I guarantee that family meetings will provide the foundation for every one of those attributes. Family meetings are the most effective discipline method  for toddlers, school-age, tweens, teens and young adults.

Notice I didn’t say “speediest” or “easiest.” Discipline means to teach. Family  meetings teach children the skills, attitudes and attributes we want them to absorb and use for life.

Read the attached notes from a first Family meeting held by a single parent and her two daughters, ages 13 and 10. Their agenda is on the second page. They held the meeting at 8:30 am on a Sunday morning, the time the 13-year-old agreed to in advance.

Here’s what worked about their first family meeting.

  • Mom asked what time they wanted to hold the family meeting, and then followed through even though the 13-year-old was lying on the couch during the meeting. (Teens can’t been seen as too cooperative.)
  • Mom posted the agenda in advance, which gave the kids time to post items, such as “Star Wars symposium outfit for Johanna.”
  • Johanna also posted, “Spend more activities together.”
  • Mom didn’t overload the agenda with problems and demands. She started small.
  • Mom followed the format. Someone took notes to keep for posterity, (humor later on), and to record their agreements. They had a snack and family fun.

Two big wins: Johanna posted two items; the 13-year-old showed up. It’s easier to set up the habit of family meetings when kids are 3 to 12 years old.

Kids will want to come to the meetings when they have a turn to run the meetings, there’s a snack, and family fun. Fun is like a magnet for kids, and long-term family glue.

You can do it. Family meetings reap huge rewards forever. They are worth the time and effort. See my tip sheet on how to get started and read about them in my book “Raising Able.”

Thanksgiving Day can last all year round

November 21, 2011
family dinner is one of the best ways to connect with each other at tHanksgiving and every other day of the year. Family dinner with toddlers, preschoolers, school age, tweens, teens, teenagers and adolescencts means less drug abuse, less alcohol and tobacco abuse. Family dinner is one of the best ways to connect with your teens and children and keep them off the street and out of trouble. Family dinner is  place to absorb manners, values and behavior.
Family dinner isn’t only for Thanksgiving Day.

Thanksgiving on Thursday is the ultimate family dinner of the year. Thanksgiving is a reminder to keep family dinner — or breakfast — sacred, even if your kids/teens resist.

Every family dinner will not be perfect. I can remember many the argument among the kids or me falling prey to a power struggle with my oldest daughter during a family dinner. Family dinners are worth the effort even if they’re not Thanksgiving Day-perfect because they keep kids connected to us.

When kids have a strong connection to parents they are less likely to use and abuse drugs, alcohol and tobacco. Study after study has demonstrated the efficacy of family dinner. This study is famous and persuasive.
Having family dinner or breakfast three or more times a week connects families AND it insures kids receive better nutrition.

Family dinner benefits kids socially, psychologically and physically. How can you go wrong? Start with the goal of having one family dinner a week. Use a family meeting to get the kids involved in planning, preparing and cleaning up the dinner so it doesn’t all fall on mom’s or dad’s lap. Encourage your kids to cook something for the dinner, either with you or independently, depending on their age. Make it their responsibility to help clean up.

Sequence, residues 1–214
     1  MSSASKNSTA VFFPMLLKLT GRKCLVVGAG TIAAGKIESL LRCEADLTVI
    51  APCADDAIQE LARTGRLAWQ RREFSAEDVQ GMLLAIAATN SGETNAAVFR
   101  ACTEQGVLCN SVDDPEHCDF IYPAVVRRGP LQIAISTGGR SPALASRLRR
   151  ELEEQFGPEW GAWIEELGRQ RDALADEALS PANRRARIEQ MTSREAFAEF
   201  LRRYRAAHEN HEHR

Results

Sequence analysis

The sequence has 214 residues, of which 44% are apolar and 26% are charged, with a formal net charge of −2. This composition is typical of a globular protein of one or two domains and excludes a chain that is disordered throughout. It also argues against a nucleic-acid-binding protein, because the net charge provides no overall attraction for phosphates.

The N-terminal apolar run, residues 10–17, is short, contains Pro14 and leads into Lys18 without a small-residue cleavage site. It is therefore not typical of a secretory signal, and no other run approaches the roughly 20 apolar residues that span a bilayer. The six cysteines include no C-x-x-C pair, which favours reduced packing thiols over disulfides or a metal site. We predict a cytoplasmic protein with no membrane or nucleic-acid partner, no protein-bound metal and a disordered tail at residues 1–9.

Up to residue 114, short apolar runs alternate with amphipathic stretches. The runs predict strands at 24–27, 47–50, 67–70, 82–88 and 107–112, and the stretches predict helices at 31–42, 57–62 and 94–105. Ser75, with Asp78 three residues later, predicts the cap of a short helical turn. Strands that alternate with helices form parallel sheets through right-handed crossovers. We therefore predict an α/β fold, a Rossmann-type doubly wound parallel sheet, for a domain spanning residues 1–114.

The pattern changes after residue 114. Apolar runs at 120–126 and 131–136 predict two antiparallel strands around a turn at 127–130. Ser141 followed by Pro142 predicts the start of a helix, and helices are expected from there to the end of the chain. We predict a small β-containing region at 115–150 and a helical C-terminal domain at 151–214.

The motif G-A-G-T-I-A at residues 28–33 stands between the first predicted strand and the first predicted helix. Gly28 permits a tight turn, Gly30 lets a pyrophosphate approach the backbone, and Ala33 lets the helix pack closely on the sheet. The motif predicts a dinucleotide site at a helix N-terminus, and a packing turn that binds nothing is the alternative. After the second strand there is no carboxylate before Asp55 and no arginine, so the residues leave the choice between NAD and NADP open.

Make family dinner or breakfast a habit. Turn off the electronics (parents, too), tell stories, look at each other, enjoy and appreciate each other and the food. Fight if you must — it shows you are emotionally connected. Take the time to resolve it, too, and come up with a plan to keep the peace during dinner.

Thanksgiving Day tips for families

1. Remember to involve the kids and teens when getting ready for the big meal this week. It won’t feel like a chore when they are contributing with the adults to create a wonderful meal, day and memory. The kids will feel connected, capable and creative.

2. Don’t force them to eat anything. Offer new foods and keep a neutral expression if they reject them. You can say, “Taste buds change.”

3. Teach them before Thursday how to say, “No thank you,” instead of, “Yuck, I hate that!” and how to say, “Aunt Sue, please pass the butter,” instead of standing up to get it. Even little kids can learn basic manners when parents model them.

Make peace with your mini-tyrant

March 23, 2011

If you’re in a constant power struggle with your mini-tyrant, learn some positive parenting strategies tonight at Arlington Community Ed, 7-9 pm at Arlington High School, 869 Mass. Ave. $20, walkins welcome.

Big lessons from little ones

February 28, 2011

slowing down, conscious parenting, savoring the moment, appreciating everything that children can teach us, living in the moment can all be learned from children. Children can be wise teachers. Carl Honore wrote about about being in the moment because of what his son taught him about bedtime routines and bedtime stories. Slowing down is an important lesson of parenting. Having patience is one of the most important things a parent can learn from their children. Parenting is about patience, love and forgiveness.Welcoming my firstborn into my world when I was 22 years old changed the course of my life and taught me more about life and love than I ever imagined.

Casey Anne and her three siblings put every human excrement imaginable on my narcissism and flushed it all down the toilet. She forced me to think about someone else besides me, and to put me second. Ironically, that became a habit. A decade later, I had to resurrect my needs from the toilet and take better care of me.

My children taught me how to be interrupted and still get something done — in addition to taking care of them. The hardest jobs are when you’re constantly interrupted — like secretaries, teachers, nurses and mothers.

Bob and I bought a house that had been neglected when the children were 4, 2 and 6 months old. The 35 windows were so gray with dirt that you couldn’t tell the weather outside. Every day for a month, I plopped them in front of Sesame Street and washed three windows until chaos erupted and I surrendered — another lesson from three children born in three-and-a-half years.